“You’d be surprised with the diversity there,” she said. “All of the populations of Bensonhurst are interacting with each other, and using the services.” But, Elias-Pavia said, language tends to separate the communities.
“Many of their signs and advertisements are not in English,” she said of the Chinese.
Elias-Pavia said that many people would be more willing to enter an establishment if the signs were in English. “If the restaurant menu is in Chinese, they just can’t order,” she said. “So why bother?”
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Jerome Krase, 69, a sociologist from Brooklyn College who is expert on the development of the Italian and Asian populations of New York, said that the Italian-Chinese connection dates back to the late 19th century. Then, he said, the Italians and Chinese began to settle in lower Manhattan. At that time, the Chinese population was quite small. As it grew, Krase said, the Italians began to leave lower Manhattan and move to other parts of the city. [See “Recalling Jews and Italians in Old Bensonhurst,” Brooklyn News Service.]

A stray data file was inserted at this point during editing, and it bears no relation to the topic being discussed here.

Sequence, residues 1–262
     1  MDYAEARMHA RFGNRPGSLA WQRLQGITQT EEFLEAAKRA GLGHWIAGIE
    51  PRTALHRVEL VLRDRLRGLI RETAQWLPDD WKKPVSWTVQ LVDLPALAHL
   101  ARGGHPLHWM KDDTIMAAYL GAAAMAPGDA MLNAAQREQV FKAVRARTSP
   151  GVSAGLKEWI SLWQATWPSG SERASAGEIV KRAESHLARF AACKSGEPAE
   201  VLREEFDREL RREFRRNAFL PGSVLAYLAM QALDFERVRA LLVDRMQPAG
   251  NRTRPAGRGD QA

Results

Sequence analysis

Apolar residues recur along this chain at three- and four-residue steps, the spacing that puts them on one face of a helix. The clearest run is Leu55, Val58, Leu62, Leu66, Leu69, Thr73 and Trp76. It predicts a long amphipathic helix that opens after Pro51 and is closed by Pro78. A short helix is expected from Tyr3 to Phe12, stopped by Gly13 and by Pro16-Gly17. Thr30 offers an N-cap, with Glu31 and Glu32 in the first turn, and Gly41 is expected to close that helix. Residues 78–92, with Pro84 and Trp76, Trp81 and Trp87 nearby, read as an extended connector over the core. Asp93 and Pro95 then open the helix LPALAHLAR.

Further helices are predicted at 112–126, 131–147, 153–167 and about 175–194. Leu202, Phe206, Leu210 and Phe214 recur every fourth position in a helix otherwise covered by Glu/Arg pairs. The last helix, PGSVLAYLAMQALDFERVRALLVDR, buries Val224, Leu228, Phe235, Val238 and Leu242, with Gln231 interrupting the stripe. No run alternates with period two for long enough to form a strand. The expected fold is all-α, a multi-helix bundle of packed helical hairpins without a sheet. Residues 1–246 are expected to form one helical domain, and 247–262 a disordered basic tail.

Over the past 10 years however, Chinatown has “filled up,” which left new Chinese immigrants to find new neighborhoods to settle in. Krase said they began to establish themselves in places with convenient modes of transportation.
“The Chinese connection to Bensonhurst is transportation [and] is the same as their connection to Flushing and Sunset Park,” he said. “It is transportation.”
Krase pointed out that the Chinese and Italians have settled in the same neighborhoods, as reflected in their inhabitation of Bensonhurst and lower Manhattan. Krase said this is because the Chinese and Italians are insular communities.